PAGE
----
Initial Vulkan Benchmark vs. DirectX 11 - AMD & NVidia in Talos Principle

By Published February 18, 2016 at 8:30 am

NVidia and AMD had a bit of a back-and-forth with day-one Vulkan announcements, with nVidia taking a few shots at AMD's beta driver launch. “OpenGL Next” became Vulkan, which consumed parts of AMD's Mantle API in its move toward accommodating developers with lower-level access to hardware. The phrase “closer to the metal” applies to Mantle, Vulkan, and DirectX 12 in similar capacities; these APIs bypass overhead created by DirectX 11 and more directly tune for GPU hardware, off-loading parallelized tasks from the CPU and to the GPU. In a previous interview with Star Citizen's Chris Roberts, we talked about some of the developer side of Vulkan & DirectX 12 programming, learning that it's not as easy as just 'throwing an API call' switch.

For this benchmark, we ran Vulkan vs. DirectX 11 (D3D11) benchmarks in the Talos Principle to determine which API is presently 'best.' There's a giant disclaimer here, though, and we've dedicated an entire section of the article to that (see: “Read This First!”). Testing used an R9 390X, GTX 980 Ti, and i7-5930K; we hope to add low-end CPUs to determine the true advantage of low-level APIs, but are waiting until the driver set and software further iterate on Vulkan integration.

Read This First!

The Talos Principle has not fully optimized its Vulkan integration. The inclusion of the API is presently in early stages. As the Talos Principle team has indicated, Dx9 performance used to outrank Dx11 performance within the game, but later optimizations resolved and switched that performance. The team expects the same to happen with Vulkan, noting in its FAQ:

“Q: Then I can expect some great benchmark results?

A: Not so fast! Sorry. :( This is a beta phase, and there's still work to be done from our (Croteam) side and IHVs from driver side. But please be patient: in time, after optimizations are done, Vulkan will be faster, I'm sure.”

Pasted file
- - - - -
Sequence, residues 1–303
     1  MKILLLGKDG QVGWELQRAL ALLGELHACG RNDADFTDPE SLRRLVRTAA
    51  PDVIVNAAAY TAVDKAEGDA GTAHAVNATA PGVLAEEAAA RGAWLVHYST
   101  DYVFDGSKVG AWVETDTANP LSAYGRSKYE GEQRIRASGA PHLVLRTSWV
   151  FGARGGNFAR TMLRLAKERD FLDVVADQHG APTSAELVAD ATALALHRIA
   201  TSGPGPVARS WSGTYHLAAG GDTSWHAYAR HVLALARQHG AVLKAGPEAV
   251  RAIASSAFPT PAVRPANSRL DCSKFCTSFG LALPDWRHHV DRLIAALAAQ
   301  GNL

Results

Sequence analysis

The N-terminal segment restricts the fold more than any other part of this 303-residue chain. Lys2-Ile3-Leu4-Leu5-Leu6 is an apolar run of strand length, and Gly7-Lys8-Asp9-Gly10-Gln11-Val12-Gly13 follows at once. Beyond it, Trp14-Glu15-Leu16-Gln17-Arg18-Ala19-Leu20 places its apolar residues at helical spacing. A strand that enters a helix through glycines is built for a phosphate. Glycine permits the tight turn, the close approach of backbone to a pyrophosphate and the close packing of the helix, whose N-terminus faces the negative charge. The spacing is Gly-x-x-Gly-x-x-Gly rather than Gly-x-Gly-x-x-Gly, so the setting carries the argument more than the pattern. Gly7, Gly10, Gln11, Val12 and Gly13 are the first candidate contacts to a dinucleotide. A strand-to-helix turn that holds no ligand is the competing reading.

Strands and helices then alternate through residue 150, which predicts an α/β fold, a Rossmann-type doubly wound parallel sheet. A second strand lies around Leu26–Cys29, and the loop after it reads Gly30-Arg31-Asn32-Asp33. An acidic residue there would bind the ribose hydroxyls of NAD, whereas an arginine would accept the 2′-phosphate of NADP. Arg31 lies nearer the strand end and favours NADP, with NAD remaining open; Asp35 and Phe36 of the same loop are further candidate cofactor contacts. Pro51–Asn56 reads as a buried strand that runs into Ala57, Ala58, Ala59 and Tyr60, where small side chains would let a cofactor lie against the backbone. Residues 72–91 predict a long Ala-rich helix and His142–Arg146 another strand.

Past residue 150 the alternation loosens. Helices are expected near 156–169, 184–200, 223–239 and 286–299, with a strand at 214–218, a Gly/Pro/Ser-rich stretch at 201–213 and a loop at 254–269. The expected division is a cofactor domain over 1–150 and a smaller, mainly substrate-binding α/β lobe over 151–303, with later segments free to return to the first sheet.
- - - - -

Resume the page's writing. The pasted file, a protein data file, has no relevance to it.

Our benchmarks then will serve as an interesting means to plot the historic progression of the Vulkan API's performance. As of now, performance will be lower than DirectX 11 – but updates to drivers and the game should eventually force a switch-over, something we're all too excited to plot as IHVs and ISVs roll-out those updates.

The results below are from limited scenario runs where we tested only two hardware configurations, both running the 5930K CPU. As Vulkan receives its updates from Croteam and the IHVs, we'll begin benchmarking lower-end CPUs (Core i3, for instance) to determine the impact from off-loaded draw calls. DirectX 12 and Vulkan should both aid low-end and mid-range CPUs more directly than the GPU, in most scenarios, by sending draw call processing to the parallel processors on the GPU.

For now, we've got an initial look at Vulkan benchmark / FPS performance using The Talos Principle's benchmark tool.

Test Methodology

We tested using our X99 test bench, detailed in the table below. Our thanks to supporting hardware vendors for supplying some of the test components.

The latest AMD drivers (16.15.1009 Beta 4) were used for testing. NVidia's 356.39 Vulkan beta drivers were used for testing. Game settings were manually controlled for the DUT. All games were run at presets defined in their respective charts. We disable brand-supported technologies in games, like The Witcher 3's HairWorks and HBAO. The Talos Principle is presently the only Vulkan-supported game; we used the built-in benchmark for automated test execution over multiple repeated 30-second test passes. This allows others to replicate our results by studying our bench courses.

Our usual test recording software does not work with Vulkan. For Vulkan testing, we used the built-in FPS logging utilities which report framerates somewhat differently, so rather than the usual “1% LOW” and “0.1% LOW” read-outs, we just have “lows,” which are somewhat ambiguously defined by the built-in benchmark. Lows will represent an average of the worst frame outputs over the course of benchmarking.